Once controversial, now a lesson for all

42 years after Alex Buzo’s Norm And Ahmed was at the centre of a sensational censorship battle over its controversial ending, this tour de force of Australian theatre that addresses issues about male aggression and racism is more compelling than ever for a nation presently faced with the challenges of identity and tolerance.

The critically acclaimed Norm And Ahmed is playing at Riverside Theatres in Parramatta from June 8 to June 11 with performance times also included for the Riverside Education season.

Norm, a middle-aged, working class war veteran meets Ahmed, a Pakistani university student late at night on a deserted city street and a sharp and witty dialogue ensues. In a tension-fuelled, but often amusing game of cat and mouse, “Aussie” Norm is confronted with his worst nightmare an intelligent, articulate and attractive ethnic young man. Buzo’s encounter between Norm and Ahmed exposes Australian life to be full of contradiction, questionable values and an increasingly multicultural social fabric.

Time and time again today’s audience members who are new to the work are unnerved when they realise Norm And Ahmed is a 40-year-old play. The backdrop of contentious current events such as the attacks on international students, the Haneef saga, the Cronulla riots and the backlash against the Muslim school in Camden fuels a new wave of relevance for the play.

“I never tire of being in the audience with people who are seeing this gem of a play for the first time,” said Producer, Emma Buzo.

“I love the laughter, the gasps and when the lights go up after the surprising ending, how people immediately want to talk about the questions it raises. I have fond memories of being in theatre foyers with my father over the years and people bailing him up, demanding to know why Norm did what he did. Now, when people do this to me, I always respond in exactly the same way my father did – with another question: What do you think?”

Director Aarne Neeme is acutely aware of the powerful relevance of Norm And Ahmed and has set the action in the present day, changing Norm, played by Laurence Coy, from a WWII veteran to a Vietnam veteran and giving Ahmed, played by Craig Meneaud a backpack instead of a briefcase.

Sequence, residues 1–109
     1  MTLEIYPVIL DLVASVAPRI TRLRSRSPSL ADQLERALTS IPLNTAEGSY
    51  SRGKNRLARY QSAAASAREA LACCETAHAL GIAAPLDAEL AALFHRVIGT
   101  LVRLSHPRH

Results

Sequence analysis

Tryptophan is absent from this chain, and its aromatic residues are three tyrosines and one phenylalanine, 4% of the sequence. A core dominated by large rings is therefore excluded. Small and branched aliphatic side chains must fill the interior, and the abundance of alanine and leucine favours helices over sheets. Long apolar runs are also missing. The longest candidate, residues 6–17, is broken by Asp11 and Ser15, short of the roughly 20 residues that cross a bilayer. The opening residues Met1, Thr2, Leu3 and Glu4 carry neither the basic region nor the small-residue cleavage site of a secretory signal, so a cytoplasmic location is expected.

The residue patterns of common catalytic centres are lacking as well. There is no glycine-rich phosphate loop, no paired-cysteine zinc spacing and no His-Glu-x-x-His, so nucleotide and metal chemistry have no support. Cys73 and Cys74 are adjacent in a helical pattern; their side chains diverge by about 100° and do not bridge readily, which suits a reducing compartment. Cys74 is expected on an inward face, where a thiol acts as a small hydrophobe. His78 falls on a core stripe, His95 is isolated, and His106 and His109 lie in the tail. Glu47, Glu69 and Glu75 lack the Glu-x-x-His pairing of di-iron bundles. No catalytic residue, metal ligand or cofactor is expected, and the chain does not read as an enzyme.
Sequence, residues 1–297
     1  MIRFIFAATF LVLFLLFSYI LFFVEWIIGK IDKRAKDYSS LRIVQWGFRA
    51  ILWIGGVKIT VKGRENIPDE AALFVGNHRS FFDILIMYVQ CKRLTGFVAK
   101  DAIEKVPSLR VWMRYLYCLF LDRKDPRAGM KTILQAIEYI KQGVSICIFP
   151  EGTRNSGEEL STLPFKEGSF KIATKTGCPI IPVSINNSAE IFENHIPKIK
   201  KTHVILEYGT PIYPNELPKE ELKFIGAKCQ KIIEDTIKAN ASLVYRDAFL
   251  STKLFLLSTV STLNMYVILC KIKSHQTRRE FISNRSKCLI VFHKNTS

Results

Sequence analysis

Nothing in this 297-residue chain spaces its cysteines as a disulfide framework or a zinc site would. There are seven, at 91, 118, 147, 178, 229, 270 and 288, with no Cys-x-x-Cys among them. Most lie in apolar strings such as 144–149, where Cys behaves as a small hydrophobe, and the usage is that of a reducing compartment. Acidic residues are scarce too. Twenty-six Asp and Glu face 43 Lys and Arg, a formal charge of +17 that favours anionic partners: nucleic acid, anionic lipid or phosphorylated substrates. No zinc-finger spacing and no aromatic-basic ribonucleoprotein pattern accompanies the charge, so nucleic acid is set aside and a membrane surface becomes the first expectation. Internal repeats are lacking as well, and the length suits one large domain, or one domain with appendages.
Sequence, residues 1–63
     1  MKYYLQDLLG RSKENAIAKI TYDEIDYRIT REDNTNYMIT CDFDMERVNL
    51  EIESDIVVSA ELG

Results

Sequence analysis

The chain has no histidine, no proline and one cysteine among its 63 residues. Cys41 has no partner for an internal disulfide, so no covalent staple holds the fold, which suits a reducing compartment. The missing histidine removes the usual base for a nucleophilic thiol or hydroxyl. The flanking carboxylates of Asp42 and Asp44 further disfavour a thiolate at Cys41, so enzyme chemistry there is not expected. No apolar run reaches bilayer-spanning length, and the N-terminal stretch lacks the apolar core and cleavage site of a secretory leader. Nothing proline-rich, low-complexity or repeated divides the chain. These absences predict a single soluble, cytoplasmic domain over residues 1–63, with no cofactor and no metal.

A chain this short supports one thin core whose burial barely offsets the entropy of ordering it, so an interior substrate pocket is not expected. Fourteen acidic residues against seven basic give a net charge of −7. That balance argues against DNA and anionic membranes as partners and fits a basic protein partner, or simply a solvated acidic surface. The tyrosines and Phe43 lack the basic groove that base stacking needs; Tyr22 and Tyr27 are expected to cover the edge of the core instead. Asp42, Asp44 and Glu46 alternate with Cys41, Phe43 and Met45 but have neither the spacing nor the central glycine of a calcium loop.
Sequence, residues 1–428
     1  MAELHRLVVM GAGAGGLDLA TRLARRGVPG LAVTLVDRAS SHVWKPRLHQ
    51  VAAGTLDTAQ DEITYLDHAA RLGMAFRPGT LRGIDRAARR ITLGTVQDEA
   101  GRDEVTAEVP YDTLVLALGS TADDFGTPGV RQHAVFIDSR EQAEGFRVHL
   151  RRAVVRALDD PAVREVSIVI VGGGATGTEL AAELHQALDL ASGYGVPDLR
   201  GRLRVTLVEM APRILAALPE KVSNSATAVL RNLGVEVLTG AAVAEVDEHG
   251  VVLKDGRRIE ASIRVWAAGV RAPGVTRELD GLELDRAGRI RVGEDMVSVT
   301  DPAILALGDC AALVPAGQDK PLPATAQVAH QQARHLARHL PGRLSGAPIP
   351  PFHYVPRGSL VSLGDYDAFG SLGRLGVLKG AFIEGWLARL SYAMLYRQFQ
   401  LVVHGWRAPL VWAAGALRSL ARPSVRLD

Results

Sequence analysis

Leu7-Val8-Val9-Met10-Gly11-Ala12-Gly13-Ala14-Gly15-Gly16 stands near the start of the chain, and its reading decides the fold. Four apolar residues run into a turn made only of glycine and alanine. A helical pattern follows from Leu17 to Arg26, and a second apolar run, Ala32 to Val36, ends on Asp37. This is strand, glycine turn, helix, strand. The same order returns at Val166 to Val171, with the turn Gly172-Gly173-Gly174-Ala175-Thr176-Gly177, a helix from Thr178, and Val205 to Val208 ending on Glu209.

Norm And Ahmed is a prized Australian work and epitomises the very essence of theatre as it is both thoroughly entertaining and dares the audience to reflect on their beliefs,” said Director of Riverside Theatres, Robert Love.

“Perhaps the most extraordinary part about Buzo’s gutsy play is that Norm And Ahmed’s examination of Australian values and conventional belief systems is still as relevant as it was over forty years ago. Riverside Theatres is proud to have Norm And Ahmed as part of the Riverside Theatres Education season.

Norm And Ahmed is a watershed work. It was one of the first plays to link male aggression with insecurity and challenge popular Australian notions such as the Great Australian Dream, mateship, the “fair go” and the ANZAC legend. An encounter between an urban, middle-aged blue-collar Aussie bloke and an articulate young Pakistani man living in Australia to attend university represented a slice of Australian life unseen in Australian theatre in the late sixties. The notorious censorship battle that followed over Norm And Ahmed’s premiere shot the play’s young author, Alex Buzo to fame and Australian contemporary theatre hit the headlines for the very first time. The censorship battle was fought across three states and the play was banned in NSW, Victoria and Queensland. Ironically and amusingly, the play is now a set text for NSW HSC Drama students.

Laurence Coy’s first professional theatre role was as Harry the convict in Alex Buzo’s Macquarie in 1984. Since then he has worked for all the State Theatre Companies in Australia, Bell Shakespeare, Perth, Adelaide and Sydney Festivals, Marian St, Q Theatre and for many commercial and independent producers. His recent theatre credits include Angels in America at Riverside and Shining City and Bugat the Stables Theatre.

Multi-talented Craig Meneaud is trained as an actor and also has a Bachelor of Business degree and teaches Business, Marketing and Events Management. His recent credits include Homebody/Kabul at Belvoir St Theatre and a guest role in the television series Sea Patrol. He is about to play two different roles in The Alex Buzo Company and Riverside Theatres’ production of Macquarie in July 2010.

The Alex Buzo Company is a young and energetic arts organisation founded in 2007 by Emma Buzo, the daughter of acclaimed Australian playwright and author Alex Buzo, shortly after he died prematurely in 2006. The company is dedicated to reinventing his extraordinary canon for contemporary audiences and upholding the spirit Alex Buzo’s achievements, who believed that the arts were vital not only for encouraging reflection and self awareness, but for helping to make life in Australia more enjoyable.

Norm And Ahmed bookings: (02) 8839 3399.

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